Denpasar, Bali, is well known to almost anyone who journeys to Indonesia’s famed and exotic tropical island. Denpasar is the principal entry and exit point for the island’s substantial international tourist industry. Denpasar is Bali’s capital city. Although the modern centre of government departments, international banks, and many other offices, it still retains its unique Balinese personality.

This is strongly felt and clearly seen in its many temples, universities and pleasant gardens, which still maintain their presence and influence. Denpasar has the Pura Jagatnatha, a temple dedicated to Bali’s Supreme God, Sang Hyang Widi. There are interesting statues of a turtle and two mystical dragons in the temple, signifying the foundation of the world.

The Pura’s awesome architecture resembles that of Balinese palace. It has now been converted into a museum housing a fine collection of prehistoric and modern art. The famous 4th century Pura Maospahit, is right next to Pura Jaganatha.

There is also an interesting place like; the government-supervised art centre, Sanggraha Kriya Hasta, which also home to a tremendous variety of handicraft and works of art. Taman Wedhi Budaya, meanwhile, is an arts centre with occasional exhibits of paintings, crafts and carvings, and holds traditional dances every evening. It is also the host of the annual Bali Arts Festival in June to July, with performances, exhibitions, art contest, and other activities of artistic nature.

The main street of Denpasar start with Gajah Mada Street in the west, Surapati Street in the centre, followed by Hayam Wuruk Street and ends as Raya Sanur Street in the east. There are many things of history and culture to see. The Puputan Square, with its heroic Catur Mukha, fondly commemorates the Balinese’s suicidal stand against the Dutch. Until today, it is touchingly, a popular meeting place for locals in the evenings.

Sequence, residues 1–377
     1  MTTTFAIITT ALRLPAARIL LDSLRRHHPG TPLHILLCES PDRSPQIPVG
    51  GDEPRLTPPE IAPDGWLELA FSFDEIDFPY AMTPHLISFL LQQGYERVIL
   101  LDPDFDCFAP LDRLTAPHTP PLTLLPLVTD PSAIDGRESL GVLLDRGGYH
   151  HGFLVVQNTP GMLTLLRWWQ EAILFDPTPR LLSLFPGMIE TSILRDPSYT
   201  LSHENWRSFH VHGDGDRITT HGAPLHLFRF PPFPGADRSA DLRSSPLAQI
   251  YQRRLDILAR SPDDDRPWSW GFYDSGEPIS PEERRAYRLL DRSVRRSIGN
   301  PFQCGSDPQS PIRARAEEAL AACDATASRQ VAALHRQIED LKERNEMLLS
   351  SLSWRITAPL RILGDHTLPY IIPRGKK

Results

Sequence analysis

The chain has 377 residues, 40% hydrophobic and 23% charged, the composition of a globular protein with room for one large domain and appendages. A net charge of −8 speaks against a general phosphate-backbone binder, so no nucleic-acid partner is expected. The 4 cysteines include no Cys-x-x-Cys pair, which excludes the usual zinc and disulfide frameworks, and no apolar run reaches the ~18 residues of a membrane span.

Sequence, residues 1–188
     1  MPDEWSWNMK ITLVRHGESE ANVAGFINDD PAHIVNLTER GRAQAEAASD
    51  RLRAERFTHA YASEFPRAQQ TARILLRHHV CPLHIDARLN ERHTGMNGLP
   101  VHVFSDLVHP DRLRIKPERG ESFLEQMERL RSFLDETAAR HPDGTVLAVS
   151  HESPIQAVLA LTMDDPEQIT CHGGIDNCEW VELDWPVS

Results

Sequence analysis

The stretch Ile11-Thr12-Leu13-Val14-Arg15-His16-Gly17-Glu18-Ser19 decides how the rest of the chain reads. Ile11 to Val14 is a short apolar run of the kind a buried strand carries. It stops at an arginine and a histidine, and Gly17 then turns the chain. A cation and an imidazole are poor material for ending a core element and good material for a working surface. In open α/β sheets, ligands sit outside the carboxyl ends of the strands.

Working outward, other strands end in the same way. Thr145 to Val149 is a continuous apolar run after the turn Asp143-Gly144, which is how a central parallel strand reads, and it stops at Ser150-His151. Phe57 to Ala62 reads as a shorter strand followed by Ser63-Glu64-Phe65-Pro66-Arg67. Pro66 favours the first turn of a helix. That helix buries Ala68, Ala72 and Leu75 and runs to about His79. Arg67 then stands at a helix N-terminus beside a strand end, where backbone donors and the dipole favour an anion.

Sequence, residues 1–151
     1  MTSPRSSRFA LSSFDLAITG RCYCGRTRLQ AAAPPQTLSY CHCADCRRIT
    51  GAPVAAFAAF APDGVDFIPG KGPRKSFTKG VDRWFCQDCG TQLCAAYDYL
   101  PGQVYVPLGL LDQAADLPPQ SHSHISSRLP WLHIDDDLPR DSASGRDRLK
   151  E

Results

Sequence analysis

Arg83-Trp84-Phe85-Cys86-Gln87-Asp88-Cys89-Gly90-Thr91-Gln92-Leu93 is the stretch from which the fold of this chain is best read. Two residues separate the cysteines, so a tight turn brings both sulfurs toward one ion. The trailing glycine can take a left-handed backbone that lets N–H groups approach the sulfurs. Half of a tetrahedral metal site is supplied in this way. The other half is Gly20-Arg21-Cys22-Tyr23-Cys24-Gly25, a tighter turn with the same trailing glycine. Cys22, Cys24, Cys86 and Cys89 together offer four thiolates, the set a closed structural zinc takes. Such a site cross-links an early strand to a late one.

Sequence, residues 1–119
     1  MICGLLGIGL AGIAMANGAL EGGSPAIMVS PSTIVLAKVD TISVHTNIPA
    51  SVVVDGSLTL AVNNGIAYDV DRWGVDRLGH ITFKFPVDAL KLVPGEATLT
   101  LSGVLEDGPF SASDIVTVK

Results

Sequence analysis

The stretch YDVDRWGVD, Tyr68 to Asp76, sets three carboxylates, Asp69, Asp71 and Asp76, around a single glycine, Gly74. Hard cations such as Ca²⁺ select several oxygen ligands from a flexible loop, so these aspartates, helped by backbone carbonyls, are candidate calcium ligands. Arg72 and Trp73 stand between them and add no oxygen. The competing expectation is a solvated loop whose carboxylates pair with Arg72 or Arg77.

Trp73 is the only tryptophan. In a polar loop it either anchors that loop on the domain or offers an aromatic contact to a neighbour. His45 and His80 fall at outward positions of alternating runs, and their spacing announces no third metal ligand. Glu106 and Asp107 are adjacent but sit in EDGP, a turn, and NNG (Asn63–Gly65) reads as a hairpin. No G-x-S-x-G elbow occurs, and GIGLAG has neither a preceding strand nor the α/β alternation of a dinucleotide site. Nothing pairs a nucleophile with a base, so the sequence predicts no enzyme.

1. Identification

Denpasar is the local capital of the Indonesian island of Bali. The population was 491,000 according to the official census in 2002. It is the only true city on the entire island, as all other urbanized areas are essentially heavily developed tourist districts or small towns. It is the major administrative and commercial center of the island.

2. International Airport

Ngurah Rai International Airport, just outside Denpasar, is the most important gateway for the island’s tourist industry. Many airlines service the airport in addition to Indonesia’s own Garuda. These include Air Asia, Cathay Pacific, Korean Air, Malaysia Airlines, Singapore Airlines, Qatar Airways and Thai Airways.

3. History

Denpasar’s standing as a capital dates back to the southern Balinese kingdom of Badung. The city was sacked and the royal palace razed as part of a Dutch invasion on the island in 1906.

4. Location and Tourism

Denpasar is located near the south-central coastal region of Bali. Some of the main tourist districts of Bali’s south-central coast are a 15-minute taxi ride to the southwest. These include the backpacker and surfer area in Kuta, and the upscale villas and resorts of Seminyak. Denpasar itself has little in the way of tourist attractions, and most visitors merely enter the city via the airport and then immediately move on